We do an annual retreat for the postgraduate program. It’s just two days and we take over a space. It’s cheap and cheerful. The model is intentional and it’s based on Schumacher College, which is in Devon in the UK.
In the sixties Schumacher was one of the lead people writing about environmental themes. Schumacher said that bigger is not necessarily better; there are many ways in which you can pick small as being actually better. There’s a college that’s been set up in his memory and it takes a very deliberate approach to the way it runs its courses and opportunities. One of the things that the program makes explicit is the need for maintenance and it also seeks to create community through that, so when you go and do a course at Schumacher you live in a little college room with a shared bathroom and shared meals. You are put on one of the three teams, so either you’ll be cleaning the bathrooms or you’ll be cleaning the big house or you’ll be making a meal. The model for our retreat is a bit like that. We go somewhere where we prepare foods together and share the food that we prepare and we have to cook and clean for ourselves. The whole idea again is that we’re creating opportunities for different kinds of conversations and different kinds of relationships to develop. At the same time we need to make space for these other parts of our lives because they’re important.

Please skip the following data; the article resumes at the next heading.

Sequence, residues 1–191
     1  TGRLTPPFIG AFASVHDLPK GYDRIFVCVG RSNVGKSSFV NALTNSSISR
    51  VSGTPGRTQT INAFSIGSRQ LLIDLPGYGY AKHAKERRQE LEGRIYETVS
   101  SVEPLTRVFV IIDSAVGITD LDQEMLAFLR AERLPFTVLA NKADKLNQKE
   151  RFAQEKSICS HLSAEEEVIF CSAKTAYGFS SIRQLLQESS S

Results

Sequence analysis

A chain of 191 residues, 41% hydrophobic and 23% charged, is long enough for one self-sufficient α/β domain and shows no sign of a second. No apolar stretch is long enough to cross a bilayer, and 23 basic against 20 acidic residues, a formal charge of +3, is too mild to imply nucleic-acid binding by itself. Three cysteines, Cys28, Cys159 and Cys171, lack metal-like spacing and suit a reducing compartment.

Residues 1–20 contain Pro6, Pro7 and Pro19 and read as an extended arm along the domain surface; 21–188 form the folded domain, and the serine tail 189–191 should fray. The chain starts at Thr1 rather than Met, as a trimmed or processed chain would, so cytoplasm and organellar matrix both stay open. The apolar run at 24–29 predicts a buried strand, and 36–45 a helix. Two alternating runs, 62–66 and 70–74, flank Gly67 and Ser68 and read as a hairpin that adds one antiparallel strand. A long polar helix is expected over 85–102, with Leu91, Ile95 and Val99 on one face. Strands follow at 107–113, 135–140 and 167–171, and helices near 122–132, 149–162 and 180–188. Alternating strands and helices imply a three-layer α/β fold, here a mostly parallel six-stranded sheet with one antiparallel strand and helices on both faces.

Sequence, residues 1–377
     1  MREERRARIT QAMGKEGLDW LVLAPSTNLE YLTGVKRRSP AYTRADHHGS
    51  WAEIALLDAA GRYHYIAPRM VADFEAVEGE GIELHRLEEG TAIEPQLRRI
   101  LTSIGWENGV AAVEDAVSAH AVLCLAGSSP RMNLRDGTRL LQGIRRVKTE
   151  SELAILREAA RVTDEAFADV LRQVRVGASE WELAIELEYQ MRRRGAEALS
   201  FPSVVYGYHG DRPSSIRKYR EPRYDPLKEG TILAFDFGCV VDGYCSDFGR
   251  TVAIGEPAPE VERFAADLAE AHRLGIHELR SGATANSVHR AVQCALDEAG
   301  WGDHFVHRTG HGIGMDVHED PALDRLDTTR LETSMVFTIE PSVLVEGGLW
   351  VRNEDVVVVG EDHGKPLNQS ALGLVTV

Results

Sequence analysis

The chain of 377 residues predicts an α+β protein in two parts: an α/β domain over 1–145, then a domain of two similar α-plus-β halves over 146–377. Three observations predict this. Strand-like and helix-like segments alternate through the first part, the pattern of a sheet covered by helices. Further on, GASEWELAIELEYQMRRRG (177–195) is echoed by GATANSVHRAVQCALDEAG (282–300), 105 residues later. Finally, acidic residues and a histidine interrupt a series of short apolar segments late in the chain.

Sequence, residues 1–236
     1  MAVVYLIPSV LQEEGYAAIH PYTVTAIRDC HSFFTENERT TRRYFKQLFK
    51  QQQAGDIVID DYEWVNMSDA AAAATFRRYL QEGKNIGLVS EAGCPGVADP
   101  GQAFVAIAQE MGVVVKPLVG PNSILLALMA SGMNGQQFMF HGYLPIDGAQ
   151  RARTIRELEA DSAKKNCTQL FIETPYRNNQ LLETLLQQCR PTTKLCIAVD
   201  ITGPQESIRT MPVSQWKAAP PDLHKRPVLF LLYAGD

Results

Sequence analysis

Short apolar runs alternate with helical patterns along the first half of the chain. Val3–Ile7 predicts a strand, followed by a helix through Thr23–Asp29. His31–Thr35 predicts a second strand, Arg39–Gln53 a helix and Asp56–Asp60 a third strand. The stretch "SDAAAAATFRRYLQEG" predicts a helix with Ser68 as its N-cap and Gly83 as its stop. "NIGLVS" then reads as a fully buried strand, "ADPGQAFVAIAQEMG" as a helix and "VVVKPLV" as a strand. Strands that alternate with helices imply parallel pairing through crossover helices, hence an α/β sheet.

The great thing about this model is that the Institute pays for the accommodation, people pay for their train fares up there and we share the cost of the food. The cost of the food is about the same as what it would cost you to eat anyway because we’re just buying normal food.
This year at our annual retreat only four supervisors were there for both days and another four supervisors came up on Monday and four didn’t come at all. We have quite collaborative processes for building engagement in what’s happening in the retreat. The sessions are co-delivered by supervisors and students so that they all get opportunities to develop those skills as well and to have control over what’s delivered and how it’s delivered and how we engage. There is an expectation that the students will attend. Most of them came this year. This year we tried a new thing; we brought back a couple of our old students. Actually it was partly because I was overloaded but it forced a couple of really good outcomes. So two of my students were happy to come back to help at the retreat.